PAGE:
It is a fact of life that few members of medical aids understand how their schemes work or are confident enough to challenge the decisions made by their trustees. This is true of medical matters in general, perhaps because the average member does not feel qualified to challenge authority figures in fields as complex as medicine or private healthcare funding. Patients’ confidence in their doctors’ healthcare advice tends to be extended to accepting their fees without complaint too.
And make no mistake, medical schemes’ rules and procedures can seem as complex and confusing as brain surgery; some would argue deliberately so.
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Whatever the reason for this, the upshot is that members tend to be both unengaged - apart from submitting claims and complaining when they are not paid out in full - and apathetic. Precious few even know they have a right to attend the scheme’s annual general meeting, let alone vote on matters as mundane as electing trustees.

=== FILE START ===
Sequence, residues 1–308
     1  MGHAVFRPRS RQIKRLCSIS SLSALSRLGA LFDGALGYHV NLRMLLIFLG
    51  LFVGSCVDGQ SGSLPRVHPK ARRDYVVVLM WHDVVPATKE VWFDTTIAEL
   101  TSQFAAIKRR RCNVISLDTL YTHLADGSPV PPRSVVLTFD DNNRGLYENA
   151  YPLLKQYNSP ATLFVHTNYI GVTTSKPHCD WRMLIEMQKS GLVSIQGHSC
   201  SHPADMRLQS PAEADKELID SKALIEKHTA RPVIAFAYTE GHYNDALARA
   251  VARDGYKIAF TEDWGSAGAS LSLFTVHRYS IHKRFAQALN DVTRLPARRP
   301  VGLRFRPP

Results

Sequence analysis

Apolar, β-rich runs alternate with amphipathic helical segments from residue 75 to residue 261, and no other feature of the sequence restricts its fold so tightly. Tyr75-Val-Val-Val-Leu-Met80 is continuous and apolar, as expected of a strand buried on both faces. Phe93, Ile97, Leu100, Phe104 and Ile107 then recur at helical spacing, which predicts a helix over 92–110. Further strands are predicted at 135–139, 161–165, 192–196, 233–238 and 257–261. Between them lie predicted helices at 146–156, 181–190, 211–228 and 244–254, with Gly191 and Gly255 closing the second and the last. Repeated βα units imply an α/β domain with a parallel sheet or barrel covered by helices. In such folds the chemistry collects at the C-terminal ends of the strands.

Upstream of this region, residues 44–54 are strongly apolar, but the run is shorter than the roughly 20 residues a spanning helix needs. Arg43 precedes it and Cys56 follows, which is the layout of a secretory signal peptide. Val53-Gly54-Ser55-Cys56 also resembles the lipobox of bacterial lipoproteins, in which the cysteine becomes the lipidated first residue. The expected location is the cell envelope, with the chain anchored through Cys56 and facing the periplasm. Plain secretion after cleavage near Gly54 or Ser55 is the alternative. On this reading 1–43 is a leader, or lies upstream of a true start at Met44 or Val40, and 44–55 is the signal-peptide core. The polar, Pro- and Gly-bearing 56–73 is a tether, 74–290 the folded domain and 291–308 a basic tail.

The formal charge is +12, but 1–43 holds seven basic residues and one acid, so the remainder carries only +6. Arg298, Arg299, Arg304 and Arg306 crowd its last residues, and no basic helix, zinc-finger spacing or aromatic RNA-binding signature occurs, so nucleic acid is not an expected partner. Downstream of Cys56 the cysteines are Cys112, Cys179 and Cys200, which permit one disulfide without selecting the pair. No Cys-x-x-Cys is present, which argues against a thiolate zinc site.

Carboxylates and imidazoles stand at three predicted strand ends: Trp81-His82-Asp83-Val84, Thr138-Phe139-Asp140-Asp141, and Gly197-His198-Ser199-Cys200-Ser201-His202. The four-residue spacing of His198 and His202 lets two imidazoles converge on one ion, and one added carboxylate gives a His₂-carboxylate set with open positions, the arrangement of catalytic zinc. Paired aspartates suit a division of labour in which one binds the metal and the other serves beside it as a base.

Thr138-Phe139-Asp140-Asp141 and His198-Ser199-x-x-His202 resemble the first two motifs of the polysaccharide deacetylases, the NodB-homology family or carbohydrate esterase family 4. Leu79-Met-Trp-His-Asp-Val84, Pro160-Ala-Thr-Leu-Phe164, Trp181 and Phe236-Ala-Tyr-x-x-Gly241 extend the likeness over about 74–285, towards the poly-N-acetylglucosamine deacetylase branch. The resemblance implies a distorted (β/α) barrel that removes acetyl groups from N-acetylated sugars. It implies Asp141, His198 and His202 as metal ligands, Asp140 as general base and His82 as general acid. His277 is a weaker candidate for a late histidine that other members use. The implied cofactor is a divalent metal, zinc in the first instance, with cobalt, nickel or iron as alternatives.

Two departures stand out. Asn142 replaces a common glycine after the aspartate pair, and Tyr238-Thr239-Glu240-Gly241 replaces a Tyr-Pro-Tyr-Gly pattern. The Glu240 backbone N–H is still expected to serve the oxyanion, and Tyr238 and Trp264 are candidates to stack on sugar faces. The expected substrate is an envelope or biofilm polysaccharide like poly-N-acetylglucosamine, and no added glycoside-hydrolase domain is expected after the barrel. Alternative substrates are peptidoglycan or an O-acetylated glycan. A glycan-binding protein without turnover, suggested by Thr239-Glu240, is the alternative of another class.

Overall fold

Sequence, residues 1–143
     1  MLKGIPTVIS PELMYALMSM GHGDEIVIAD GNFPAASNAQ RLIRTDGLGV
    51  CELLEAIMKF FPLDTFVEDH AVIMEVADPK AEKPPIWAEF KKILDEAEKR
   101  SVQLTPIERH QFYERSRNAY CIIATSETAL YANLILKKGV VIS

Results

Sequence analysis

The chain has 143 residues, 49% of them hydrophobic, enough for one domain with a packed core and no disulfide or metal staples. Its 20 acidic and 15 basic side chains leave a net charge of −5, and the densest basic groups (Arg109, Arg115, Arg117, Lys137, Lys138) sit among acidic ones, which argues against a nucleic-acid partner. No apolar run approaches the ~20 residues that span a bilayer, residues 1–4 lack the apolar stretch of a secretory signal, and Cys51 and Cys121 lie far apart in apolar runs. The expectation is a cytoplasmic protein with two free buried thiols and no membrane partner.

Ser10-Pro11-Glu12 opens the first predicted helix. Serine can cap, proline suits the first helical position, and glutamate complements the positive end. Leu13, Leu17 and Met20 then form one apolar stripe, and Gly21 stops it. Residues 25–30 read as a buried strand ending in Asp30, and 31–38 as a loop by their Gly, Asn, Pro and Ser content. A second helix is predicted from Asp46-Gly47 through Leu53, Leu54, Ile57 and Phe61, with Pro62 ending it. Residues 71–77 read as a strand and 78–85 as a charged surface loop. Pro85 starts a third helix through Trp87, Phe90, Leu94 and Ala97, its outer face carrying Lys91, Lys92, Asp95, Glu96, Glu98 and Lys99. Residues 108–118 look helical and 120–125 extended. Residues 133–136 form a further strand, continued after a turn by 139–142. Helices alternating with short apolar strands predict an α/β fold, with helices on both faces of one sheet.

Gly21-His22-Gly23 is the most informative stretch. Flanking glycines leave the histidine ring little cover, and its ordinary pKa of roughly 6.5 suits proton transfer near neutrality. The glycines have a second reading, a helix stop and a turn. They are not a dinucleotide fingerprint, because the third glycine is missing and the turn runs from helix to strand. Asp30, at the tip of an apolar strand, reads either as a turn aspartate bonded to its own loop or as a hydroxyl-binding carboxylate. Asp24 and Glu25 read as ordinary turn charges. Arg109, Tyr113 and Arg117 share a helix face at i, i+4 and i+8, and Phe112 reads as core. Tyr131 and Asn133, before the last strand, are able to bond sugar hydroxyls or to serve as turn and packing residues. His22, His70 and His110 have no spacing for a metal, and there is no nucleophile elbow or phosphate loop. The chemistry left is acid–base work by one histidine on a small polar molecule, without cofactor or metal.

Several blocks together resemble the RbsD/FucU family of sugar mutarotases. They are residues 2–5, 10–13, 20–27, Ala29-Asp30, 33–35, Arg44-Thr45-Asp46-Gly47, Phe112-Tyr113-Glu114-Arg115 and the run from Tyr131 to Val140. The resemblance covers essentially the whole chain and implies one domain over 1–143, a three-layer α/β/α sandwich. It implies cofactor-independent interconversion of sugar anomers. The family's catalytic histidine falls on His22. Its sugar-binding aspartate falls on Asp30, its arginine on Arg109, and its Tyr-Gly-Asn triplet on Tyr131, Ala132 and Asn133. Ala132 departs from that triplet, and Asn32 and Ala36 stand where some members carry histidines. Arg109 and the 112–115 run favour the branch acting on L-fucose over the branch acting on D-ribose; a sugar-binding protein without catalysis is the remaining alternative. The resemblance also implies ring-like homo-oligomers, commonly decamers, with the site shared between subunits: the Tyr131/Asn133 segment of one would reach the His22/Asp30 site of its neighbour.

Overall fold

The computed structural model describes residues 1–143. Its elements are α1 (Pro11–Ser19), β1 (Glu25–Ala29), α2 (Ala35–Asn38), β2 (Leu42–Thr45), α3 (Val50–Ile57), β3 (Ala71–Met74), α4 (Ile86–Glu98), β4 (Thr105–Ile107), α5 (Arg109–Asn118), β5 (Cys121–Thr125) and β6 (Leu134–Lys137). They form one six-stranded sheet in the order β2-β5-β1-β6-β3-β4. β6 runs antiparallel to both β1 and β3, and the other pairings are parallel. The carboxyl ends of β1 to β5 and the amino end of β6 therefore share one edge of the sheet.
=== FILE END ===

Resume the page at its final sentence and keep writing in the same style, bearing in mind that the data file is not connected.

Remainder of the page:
But with tough times putting the squeeze on household finances, all that may be about to change. Just as there are signs that shareholder activism is starting to come of age in South Africa, with individual as well as institutional shareholders increasingly demanding accountability from board members and greater transparency on the part of management, so members of medical schemes are coming to the realisation that the funds collected by such schemes belong to them, not the trustees or administrators, and they have both rights and powers over how their money is spent.
The resolution passed by members of Discovery Health Medical Scheme at last month’s annual general meeting is therefore as welcome as it is unusual.
A majority of those who attended the meeting - barely more than 100 out of 2,4-million members - resolved that the scheme’s trustees actively seek to reduce administration fees over the next three years. They asked for a detailed breakdown of the R2,8bn spent on administration last year, instructed the trustees to commission an independent review of the value for money provided by the administrator, Discovery Health, and moved that the potential benefits of "regularly placing the administration and managed care contracts of the scheme out for tender in the open market" be investigated.
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